Evidence #230 | August 30, 2021

Mesoamerican Judges

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Scripture Central


Historical sources indicate that various kinds of judges were known in pre-Columbian Mesoamerica that are consistent with what is said about judges in the Book of Mormon.

Judges in the Book of Mormon

Following the death of King Mosiah, the Nephites adopted a system of judges who governed the land. As described by Mosiah, judges were established at multiples levels to govern according to the laws of God.

And now if ye have judges, and they do not judge you according to the law which has been given, ye can cause that they may be judged of a higher judge. If your higher judges do not judge righteous judgments, ye shall cause that a small number of your lower judges should be gathered together, and they shall judge your higher judges according to the voice of the people. (Mosiah 29:28–29)

The judges were established by the voice of the people “throughout all the land” (Mosiah 29:41) at a local community or city level (Alma 14:4; 30:21), as well as higher levels with a chief judge presiding over the entire people (Mosiah 29:42; Alma 1:2; 4:17; 50:39–40).

Alma the Younger (the first Nephite chief judge) is giving a blessing. 

Judges and the Aztec Legal System

While there is much we have yet to learn about pre-Columbian legal systems, available historical evidence shows that judges were an important part of several Mesoamerican societies. The Aztec system, for which there is the best documentation, had a multilevel system of officials who served as judges.1 According to Francisco Avalos, in a valuable analysis based upon historical sources,

There is general agreement on the structure of the Aztec legal system, which was based on a hierarchical structure similar to our own, composed of general jurisdiction courts of first instance, general jurisdiction courts, and a Supreme Justice. There were also courts that might be compared to our justice of the peace courts and special jurisdiction courts. The emperor had the legal power to hear any cases that were of importance to him or to the Empire.2

At the lower level, there were judges in each neighborhood who were elected each year to judge civil cases and minor criminal offences.3 Outside of the local community, there were the Teccalli courts, an appellate court for commoners consisting of three or four judges.4 There were also magistrates who presided over courts of special jurisdiction, such as the market, financial matters, the military, artisans, and religious cases.5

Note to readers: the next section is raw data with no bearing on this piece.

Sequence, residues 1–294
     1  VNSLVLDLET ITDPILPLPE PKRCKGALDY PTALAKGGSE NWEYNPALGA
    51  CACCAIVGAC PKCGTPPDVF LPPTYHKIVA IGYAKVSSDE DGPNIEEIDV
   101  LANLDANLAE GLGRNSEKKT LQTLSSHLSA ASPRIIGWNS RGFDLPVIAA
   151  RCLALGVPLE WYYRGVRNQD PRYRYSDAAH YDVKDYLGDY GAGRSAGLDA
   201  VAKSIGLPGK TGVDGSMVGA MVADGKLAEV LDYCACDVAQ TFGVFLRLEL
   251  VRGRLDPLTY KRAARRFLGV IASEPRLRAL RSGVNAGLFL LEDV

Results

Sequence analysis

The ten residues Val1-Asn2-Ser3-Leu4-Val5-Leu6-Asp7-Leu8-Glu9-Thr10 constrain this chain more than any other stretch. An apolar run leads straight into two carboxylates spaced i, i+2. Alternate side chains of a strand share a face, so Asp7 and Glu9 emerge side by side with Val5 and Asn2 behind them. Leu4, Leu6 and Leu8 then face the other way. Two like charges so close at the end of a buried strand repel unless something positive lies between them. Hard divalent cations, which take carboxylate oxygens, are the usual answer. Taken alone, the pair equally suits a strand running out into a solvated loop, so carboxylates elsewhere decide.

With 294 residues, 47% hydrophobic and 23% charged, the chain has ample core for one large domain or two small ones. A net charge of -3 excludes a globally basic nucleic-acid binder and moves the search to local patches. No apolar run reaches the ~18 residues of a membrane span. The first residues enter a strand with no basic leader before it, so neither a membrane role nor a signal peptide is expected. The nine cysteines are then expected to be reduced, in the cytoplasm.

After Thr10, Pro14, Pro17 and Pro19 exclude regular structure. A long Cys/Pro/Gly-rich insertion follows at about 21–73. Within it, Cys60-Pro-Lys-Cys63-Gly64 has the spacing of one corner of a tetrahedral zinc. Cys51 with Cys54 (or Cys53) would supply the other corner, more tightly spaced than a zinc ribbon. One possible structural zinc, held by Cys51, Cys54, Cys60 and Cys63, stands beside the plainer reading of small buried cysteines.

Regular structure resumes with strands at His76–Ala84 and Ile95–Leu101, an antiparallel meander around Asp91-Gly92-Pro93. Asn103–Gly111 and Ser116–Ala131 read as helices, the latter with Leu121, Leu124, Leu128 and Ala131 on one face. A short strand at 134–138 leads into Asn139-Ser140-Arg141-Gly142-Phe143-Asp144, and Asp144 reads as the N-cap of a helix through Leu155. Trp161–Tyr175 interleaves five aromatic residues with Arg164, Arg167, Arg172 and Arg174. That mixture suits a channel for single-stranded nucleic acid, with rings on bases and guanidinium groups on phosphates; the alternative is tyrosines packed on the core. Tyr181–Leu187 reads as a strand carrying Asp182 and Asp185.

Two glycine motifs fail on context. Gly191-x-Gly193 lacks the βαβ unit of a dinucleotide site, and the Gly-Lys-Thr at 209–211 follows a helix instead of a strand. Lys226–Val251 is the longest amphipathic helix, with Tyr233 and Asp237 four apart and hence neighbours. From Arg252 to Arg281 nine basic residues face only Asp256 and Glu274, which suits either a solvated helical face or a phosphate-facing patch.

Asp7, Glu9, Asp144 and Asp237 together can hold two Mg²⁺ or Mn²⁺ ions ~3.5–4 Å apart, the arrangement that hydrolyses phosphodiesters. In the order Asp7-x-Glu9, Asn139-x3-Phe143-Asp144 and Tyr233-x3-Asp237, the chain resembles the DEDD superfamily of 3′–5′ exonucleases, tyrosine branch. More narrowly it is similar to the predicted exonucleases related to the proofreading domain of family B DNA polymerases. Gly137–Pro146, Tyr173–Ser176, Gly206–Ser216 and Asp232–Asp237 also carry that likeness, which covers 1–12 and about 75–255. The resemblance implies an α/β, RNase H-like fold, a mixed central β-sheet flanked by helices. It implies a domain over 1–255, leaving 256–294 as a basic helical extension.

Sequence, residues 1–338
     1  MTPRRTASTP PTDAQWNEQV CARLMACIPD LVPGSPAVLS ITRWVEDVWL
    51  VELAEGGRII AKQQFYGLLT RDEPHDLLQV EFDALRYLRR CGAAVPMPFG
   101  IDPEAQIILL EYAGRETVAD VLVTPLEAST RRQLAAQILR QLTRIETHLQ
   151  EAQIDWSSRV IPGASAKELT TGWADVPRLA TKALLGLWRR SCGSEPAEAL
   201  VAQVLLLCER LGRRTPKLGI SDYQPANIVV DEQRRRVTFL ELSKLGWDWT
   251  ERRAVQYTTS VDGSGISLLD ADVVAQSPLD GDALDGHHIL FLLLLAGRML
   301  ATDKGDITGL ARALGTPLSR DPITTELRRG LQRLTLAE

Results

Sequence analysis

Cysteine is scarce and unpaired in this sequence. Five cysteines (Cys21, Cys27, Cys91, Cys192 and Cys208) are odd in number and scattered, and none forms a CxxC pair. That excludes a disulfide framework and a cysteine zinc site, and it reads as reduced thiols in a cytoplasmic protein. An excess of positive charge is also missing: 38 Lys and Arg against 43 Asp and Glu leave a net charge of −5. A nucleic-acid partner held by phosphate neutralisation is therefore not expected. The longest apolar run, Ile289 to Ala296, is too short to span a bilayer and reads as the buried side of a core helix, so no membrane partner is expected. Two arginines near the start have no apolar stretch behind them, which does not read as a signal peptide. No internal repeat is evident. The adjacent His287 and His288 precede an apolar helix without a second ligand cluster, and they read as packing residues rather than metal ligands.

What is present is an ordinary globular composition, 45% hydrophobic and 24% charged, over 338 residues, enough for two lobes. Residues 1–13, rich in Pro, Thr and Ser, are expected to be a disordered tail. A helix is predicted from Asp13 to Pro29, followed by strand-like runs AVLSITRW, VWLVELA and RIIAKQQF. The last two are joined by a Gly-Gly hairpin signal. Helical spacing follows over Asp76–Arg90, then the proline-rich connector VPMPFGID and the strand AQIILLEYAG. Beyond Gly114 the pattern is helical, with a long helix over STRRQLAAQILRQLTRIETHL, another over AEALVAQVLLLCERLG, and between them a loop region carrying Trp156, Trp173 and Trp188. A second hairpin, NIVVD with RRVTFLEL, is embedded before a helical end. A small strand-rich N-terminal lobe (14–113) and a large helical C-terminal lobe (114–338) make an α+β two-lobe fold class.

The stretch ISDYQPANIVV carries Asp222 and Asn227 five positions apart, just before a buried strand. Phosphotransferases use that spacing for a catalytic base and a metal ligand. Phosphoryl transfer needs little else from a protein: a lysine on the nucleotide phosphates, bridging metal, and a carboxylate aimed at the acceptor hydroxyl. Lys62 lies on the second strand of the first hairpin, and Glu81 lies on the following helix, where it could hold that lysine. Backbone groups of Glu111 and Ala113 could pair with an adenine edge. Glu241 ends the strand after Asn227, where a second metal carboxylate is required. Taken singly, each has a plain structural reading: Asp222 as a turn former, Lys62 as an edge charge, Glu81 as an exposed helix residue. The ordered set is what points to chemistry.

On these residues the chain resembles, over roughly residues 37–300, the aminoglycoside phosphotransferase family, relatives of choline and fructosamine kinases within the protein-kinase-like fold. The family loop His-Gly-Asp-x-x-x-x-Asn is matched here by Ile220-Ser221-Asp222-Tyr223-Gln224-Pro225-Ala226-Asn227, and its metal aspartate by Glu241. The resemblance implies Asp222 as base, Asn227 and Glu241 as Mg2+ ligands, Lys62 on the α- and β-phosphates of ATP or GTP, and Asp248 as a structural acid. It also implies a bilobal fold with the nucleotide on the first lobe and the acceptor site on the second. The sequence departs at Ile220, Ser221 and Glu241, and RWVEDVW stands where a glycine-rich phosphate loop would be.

Aztec court in session from the Codex Mendoza. Image via tarlton.law.utexas.edu.

At the next level, there were Tlacxiltan courts, to which appeals from the Tecalli were sent and which was also the first level of appeal for the noble class. The judges of these courts met in a room of the palace designated for that purpose. According to Thomas Joyce, this higher court “dealt principally with high affairs of state and matters affecting the higher ranks, though it also pronounced sentences upon the cases sent up by the lower court.”6 From there, difficult cases could be appealed to a supreme court thought to have consisted of a dozen judges including a Cihuacoatl or Chief Justice who could rule on matters or in rare circumstances send the matter to the Emperor for a decision.7

Aztec judge conducting a court hearing (from Sahagún, Historia de...Nueva España). Image via tarlton.law.utexas.edu.

The Florentine Codex, an important source of information on pre-Columbian Aztec society, describes judges as follows.

The magistrate [is] a judge, a pronouncer of sentences, and establisher of ordinances, of statutes. [He is] dignified, fearless, courageous, reserved, stern-visaged. The good magistrate [is] just: a hearer of both sides, an examiner of both sides, a listener to all factions, a passer of just sentences, a settler of quarrels, a shower of no favor. He fears no one; he passes just sentences; he intercedes in quarrels; he shows no bias. The bad magistrate [is] a shower of favor, a hater of people, an establisher of unjust ordinances, an acceptor of bribes, an issuer of corrupt pronouncements, a doer of favors [with partiality].8